The ApolloMilk-System from GEA leaves nothing to chance when taking care of key or aspects of the welfare of today’s dairy herds.
The GEA system dips, teats and flushes the milking cluster automatically after every milking to improve or maintain the health of the udder and individual teats, save money for the farmer and maintain the quality of the milk for the consumer.
Udder health is crucial for all dairy farmers to ensure that they can maximise yields and keep costs to a minimum. The disinfecting of teats immediately after milking is a key element of this care; however, dipping each animal manually is time-consuming, can be wasteful of chemicals, and is subject to human error. Apollo is the latest milking parlour technology from GEA that performs this function automatically thereby achieving simultaneously the key aims of high-quality milk, improved labour productivity, better milk yield and very good udder hygiene.
The ApolloMilk-System automatically dips the teats, with a 5000ppm solution of iodine (Veterinary Medicine authorised), after milking and before the milking cluster disengages. In this way it ensures that iodine solution, approved to the highest industry specification, covers the required area perfectly, without waste, preventing any chance of human error and providing absolute consistency in the dipping of every cow.
“It’s much more efficient than using a manual method, either with a spray or a dip cup,” said David Simmons, GEA’s Head of Milking & Dairy Farming in the UK. “It’s one less job for the milking operator to do and he can be confident that it’s always performed consistently.” Apollo uses just the right formulation of iodine teat dip to ensure the highest level of disinfection and, with its incorporated patented safety valve, contamination of the milk is avoided. With each clinical case of mastitis estimated at £200/cow/case on average, then activities that minimise new infra mammary infections are likely to support savings for farmers over the long term.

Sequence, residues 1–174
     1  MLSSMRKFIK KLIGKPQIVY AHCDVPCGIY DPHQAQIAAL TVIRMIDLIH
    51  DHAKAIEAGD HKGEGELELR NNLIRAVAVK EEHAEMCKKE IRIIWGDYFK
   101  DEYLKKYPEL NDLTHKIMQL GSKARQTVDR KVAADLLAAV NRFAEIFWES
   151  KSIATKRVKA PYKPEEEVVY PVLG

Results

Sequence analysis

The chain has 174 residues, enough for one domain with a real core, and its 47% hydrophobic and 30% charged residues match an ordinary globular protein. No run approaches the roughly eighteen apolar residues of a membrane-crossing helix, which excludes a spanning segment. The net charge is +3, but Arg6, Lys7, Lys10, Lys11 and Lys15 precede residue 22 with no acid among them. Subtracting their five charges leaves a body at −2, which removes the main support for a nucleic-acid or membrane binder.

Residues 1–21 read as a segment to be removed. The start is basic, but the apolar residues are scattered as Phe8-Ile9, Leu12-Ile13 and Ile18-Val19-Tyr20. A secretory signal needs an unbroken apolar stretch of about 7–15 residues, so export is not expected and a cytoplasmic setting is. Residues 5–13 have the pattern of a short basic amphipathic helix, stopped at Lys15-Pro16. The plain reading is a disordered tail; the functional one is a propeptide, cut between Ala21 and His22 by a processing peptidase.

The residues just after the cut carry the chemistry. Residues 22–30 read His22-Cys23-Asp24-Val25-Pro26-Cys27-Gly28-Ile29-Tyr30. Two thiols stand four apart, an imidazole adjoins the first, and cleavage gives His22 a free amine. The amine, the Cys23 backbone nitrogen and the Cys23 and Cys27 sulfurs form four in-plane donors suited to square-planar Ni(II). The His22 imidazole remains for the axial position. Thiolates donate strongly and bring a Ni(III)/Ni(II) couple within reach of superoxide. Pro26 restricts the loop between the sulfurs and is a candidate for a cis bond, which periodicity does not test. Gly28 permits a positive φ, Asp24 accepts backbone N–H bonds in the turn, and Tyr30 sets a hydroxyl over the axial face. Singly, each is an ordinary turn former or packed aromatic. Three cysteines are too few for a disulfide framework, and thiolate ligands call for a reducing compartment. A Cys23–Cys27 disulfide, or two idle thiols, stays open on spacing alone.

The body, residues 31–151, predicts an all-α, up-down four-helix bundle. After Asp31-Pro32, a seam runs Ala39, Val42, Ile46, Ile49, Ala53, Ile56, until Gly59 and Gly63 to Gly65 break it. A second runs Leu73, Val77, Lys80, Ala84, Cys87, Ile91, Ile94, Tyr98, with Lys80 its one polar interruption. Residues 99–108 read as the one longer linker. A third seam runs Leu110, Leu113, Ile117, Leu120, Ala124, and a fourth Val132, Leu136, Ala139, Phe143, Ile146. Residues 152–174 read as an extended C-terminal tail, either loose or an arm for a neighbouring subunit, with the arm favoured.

The unique ApolloIQ milk safety valve developed by GEA effectively separates the dipping medium from the milk thereby ensuring that there is no possibility of iodine contaminating the milk. Apollo features the award-winning IQ cluster with each quarter of the udder milked into separate chambers eliminating cross quarter, infra mammary infections via the cluster, then automatically flushes the used milking cluster to prevent any opportunity for cross infection between cows.
Dairy farmer Jeremy Platt installed the Apollo system at the end of 2015. “It’s been 19 months since we started milking in the extended GEA Global 90i 50/50 parlour and I am absolutely delighted with the parlour and the Apollo. I think it’s incredible how the cluster milks the cows. I am milking 450 cows now and I do not get one kick off in the whole milking, making it a stress-free environment. Somatic cell counts are averaging 82. This is the reason why I ordered a GEA rotary parlour for my other farm. The building work for this rotary should be finished in July ready for the installation of the new rotary to begin.”
Ed Newton from Millers Court Farm near Malvern started milking in his new GEA Euroclass 800 20/40 Swingover parlour in September 2015.
He is now milking 500 cows through the parlour which is equipped with the GEA ApolloMilk-System. The parlour also contains a moving floor, which can go up or down to suit the working height of the milker. The swing arm smoothly swings over and automatically switches on the unit when the milker is ready to put the unit on the cow. The Dematron control unit links to the Dairy Plan herd management software, feeding information back and forwards to keep the operator informed so he can easily manage his cows. “The cows are milking well, averaging 33 litres, with low cases of mastitis and my last three-month average cell count was 119,” said Ed.
“I am happy with my decision to buy a GEA parlour for myself and my operators.”
The Apollo Milk System is a major advancement in any previous technology allowing dairy farmers to take better care of their cows‘ udder health, improve milking efficiency, improve milk quality and potentially yields, save time and reduce both the use of antibiotics and their costs.